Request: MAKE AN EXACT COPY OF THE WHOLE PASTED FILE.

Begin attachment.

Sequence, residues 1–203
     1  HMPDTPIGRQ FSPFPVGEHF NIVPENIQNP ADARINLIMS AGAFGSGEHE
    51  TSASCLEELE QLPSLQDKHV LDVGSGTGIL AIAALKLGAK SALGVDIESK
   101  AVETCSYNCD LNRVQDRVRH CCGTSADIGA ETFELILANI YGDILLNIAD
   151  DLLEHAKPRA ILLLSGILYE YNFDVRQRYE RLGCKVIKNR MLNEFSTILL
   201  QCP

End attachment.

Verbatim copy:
Sequence, residues 1–203
     1  HMPDTPIGRQ FSPFPVGEHF NIVPENIQNP ADARINLIMS AGAFGSGEHE
    51  TSASCLEELE QLPSLQDKHV LDVGSGTGIL AIAALKLGAK SALGVDIESK
   101  AVETCSYNCD LNRVQDRVRH CCGTSADIGA ETFELILANI YGDILLNIAD
   151  DLLEHAKPRA ILLLSGILYE YNFDVRQRYE RLGCKVIKNR MLNEFSTILL
   201  QCP